WAYNE, N.J. – While the talking heads and pundits question Johnny Manziel's ability to transition to the NFL, Miami Dolphins legend and Hall of Fame quarterback Dan Marino said he sees a bright future for the Cleveland Browns first-round pick. That is, of course, if he can stay healthy.
Marino doesn't see the same issues that caused teams to pass over Manziel until the Browns took him 22nd in this past May's NFL draft. He has no real issues with Manziel's lack of stature or a playing style that some think won't cut it in the faster, more aggressive NFL. Instead, Marino thinks the former Texas A&M gunslinger has the skill set to get to the next level.
“You learn and play as hard as you can and I think Johnny has that attitude. I think sometimes everybody gives him more attention for having fun or whatever. I really like his attitude on the field, how he plays the game,” Marino told Yahoo Sports. “Hopefully that translates to the NFL."
Marino knows what it's like to become a success after being passed over in the draft.
In the 1983 NFL draft, Marino fell to No. 27 as five quarterbacks were taken ahead of him in that draft. Some, like Jim Kelly and John Elway, went on to have splendid careers. Others such as Tony Eason and Todd Blackledge, well, not so much. Before the draft, Manziel was seen as a possible first overall pick to the Houston Texans. Most had him as a consensus top 10 pick.
Few had him falling to No. 22, not unlike Marino's draft odyssey in 1983. But Marino ended up in a great place with the Dolphins and head coach Don Shula. He thinks that Manziel and Cleveland could be a good fit as well.
"He can make most of the throws," said Marino, who spoke after he helped open an Anthony's Coal Fired Pizza location in Wayne, N.J., and signed autographs for several Dolphins fans. "He’ll be fine but the biggest concern is health-wise. He needs to stay healthy. He’s not the biggest of guys.”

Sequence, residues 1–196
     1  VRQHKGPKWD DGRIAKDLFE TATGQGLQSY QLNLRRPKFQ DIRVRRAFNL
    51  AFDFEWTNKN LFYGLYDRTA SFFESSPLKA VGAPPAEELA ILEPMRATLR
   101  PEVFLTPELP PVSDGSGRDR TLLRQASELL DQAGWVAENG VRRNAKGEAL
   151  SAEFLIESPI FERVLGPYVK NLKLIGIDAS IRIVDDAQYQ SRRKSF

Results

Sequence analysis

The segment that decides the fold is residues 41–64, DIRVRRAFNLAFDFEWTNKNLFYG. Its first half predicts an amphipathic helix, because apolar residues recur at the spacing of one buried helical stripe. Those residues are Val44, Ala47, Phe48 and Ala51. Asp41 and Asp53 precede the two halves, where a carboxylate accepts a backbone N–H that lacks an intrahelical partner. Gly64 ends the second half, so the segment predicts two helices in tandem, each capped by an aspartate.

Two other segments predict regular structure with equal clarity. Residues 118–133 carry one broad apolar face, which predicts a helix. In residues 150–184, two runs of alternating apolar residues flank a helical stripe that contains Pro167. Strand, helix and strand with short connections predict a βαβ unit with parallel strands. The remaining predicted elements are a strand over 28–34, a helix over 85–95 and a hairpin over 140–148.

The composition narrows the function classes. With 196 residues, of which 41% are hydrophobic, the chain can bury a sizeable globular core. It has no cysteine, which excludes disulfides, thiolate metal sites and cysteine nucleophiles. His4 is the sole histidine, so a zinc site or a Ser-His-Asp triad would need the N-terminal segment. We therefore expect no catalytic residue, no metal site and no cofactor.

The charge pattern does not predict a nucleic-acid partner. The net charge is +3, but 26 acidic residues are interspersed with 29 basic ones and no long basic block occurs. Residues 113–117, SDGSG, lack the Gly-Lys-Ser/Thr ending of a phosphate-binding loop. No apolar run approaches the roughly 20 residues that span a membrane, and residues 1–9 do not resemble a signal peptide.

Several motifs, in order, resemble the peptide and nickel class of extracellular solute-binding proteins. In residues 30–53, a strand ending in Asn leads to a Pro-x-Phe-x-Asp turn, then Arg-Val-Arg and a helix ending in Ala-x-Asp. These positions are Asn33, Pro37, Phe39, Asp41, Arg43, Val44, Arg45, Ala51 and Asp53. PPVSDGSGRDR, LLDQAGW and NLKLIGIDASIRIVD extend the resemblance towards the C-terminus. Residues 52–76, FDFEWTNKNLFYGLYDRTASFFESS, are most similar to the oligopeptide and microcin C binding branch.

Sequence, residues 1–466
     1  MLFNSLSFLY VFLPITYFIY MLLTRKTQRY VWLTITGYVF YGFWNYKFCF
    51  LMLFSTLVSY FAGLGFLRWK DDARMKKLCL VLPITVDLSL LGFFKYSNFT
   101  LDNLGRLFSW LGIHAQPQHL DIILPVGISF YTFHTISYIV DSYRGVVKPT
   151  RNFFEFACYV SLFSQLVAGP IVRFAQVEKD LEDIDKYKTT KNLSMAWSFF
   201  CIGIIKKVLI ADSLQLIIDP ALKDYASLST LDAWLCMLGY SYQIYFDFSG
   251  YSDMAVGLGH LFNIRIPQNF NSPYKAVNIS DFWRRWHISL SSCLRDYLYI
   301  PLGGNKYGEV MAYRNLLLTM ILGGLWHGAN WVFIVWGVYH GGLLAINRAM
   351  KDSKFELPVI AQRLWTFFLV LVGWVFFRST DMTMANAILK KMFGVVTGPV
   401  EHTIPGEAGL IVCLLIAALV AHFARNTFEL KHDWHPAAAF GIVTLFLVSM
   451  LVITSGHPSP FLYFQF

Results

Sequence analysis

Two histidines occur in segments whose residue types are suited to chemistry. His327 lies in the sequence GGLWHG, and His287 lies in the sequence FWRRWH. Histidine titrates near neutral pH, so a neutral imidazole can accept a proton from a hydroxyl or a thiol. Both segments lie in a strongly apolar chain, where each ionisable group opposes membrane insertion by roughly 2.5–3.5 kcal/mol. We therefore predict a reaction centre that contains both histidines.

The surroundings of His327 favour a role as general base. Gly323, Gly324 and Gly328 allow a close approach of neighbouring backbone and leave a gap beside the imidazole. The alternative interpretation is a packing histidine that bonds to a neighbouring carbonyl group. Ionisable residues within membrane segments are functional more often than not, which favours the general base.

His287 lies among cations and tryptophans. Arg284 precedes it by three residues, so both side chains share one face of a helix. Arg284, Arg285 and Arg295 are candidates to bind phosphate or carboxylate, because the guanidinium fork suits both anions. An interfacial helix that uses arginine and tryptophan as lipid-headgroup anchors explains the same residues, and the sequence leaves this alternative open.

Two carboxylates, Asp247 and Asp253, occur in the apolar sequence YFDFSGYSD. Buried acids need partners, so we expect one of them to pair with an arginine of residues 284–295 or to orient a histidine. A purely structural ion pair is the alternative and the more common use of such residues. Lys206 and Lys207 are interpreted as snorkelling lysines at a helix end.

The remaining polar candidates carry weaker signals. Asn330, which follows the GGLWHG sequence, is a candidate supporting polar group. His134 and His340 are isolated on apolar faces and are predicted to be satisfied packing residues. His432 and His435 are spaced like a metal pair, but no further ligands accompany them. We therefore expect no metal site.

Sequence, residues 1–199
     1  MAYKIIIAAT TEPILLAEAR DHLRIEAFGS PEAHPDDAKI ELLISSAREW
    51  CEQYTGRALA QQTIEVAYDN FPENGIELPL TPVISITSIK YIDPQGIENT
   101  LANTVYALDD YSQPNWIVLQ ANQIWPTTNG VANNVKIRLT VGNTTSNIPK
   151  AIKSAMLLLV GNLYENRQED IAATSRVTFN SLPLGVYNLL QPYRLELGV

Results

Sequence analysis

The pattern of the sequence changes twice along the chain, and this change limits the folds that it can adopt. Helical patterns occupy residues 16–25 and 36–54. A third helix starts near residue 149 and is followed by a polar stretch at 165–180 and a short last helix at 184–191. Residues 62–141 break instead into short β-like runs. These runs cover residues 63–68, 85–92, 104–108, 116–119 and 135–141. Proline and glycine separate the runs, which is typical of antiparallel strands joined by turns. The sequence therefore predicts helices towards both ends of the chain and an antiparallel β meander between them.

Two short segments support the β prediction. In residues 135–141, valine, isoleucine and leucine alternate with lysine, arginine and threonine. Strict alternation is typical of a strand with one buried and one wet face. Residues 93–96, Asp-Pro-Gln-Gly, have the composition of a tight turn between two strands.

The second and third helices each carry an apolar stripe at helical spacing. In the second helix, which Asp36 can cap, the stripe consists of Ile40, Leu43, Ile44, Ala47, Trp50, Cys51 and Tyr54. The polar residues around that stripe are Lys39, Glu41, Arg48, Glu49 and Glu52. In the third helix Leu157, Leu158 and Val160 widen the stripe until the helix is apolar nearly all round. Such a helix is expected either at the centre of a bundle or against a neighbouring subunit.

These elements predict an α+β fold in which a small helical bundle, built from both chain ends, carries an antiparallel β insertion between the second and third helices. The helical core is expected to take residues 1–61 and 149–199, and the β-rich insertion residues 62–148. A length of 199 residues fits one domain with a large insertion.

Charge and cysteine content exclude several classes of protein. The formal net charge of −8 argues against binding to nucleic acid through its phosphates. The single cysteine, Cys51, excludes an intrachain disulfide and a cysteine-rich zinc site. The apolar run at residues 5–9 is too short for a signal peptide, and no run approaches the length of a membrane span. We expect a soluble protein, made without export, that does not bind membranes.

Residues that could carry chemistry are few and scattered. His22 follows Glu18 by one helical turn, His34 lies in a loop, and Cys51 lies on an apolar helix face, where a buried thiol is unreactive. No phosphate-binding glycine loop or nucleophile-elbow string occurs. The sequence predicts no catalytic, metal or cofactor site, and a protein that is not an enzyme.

Marino still pays close attention to the game. In particular, Marino is impressed with the new generation of star quarterbacks coming into the league.
Manziel represents this new generation of quarterbacks, typified by Cam Newton of the Panthers and Colin Kaepernick of the 49ers. Those quarterbacks can stay in the pocket and make the throws but can also beat the defense with their legs.
It is this new blend of signal callers, a dual-threat presence in the pocket that makes Manziel special. Although Marino was never known for his mobility, and pretty much defined the classic pocket quarterback ("I was athletic till my knee surgeries," Marino argued), he doesn't see the trend going away anytime soon.
"I think it's the style of offense that high schools are running, colleges are running," Marino said. "Wide-open, spread 'em out. I took a shotgun snap maybe once in awhile when I was a kid. They do it all the time. Sometimes when they get older, you have to now teach them how to take a snap. That's a whole different deal. In college, you used to be under center and now they come up and they're out of the shotgun or the Pistol or whatever. It's something they need to deal with.”
And Marino, who was one of the best young quarterbacks in NFL history, said quarterbacks today come into the league far more prepared for the pros than when he was young.
“I think because the young kids growing up are in offenses where they want you to run some, but also throw," Marino said. "Some offenses want you to throw 30, 40, 50 times a game in high school. I never did that growing up; if I threw 20 times a game it was a lot. So they have that experience that I think will help in the long run."
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Kristian R. Dyer writes for Metro New York and is a contributor to Yahoo Sports. Follow him on Twitter @KristianRDyer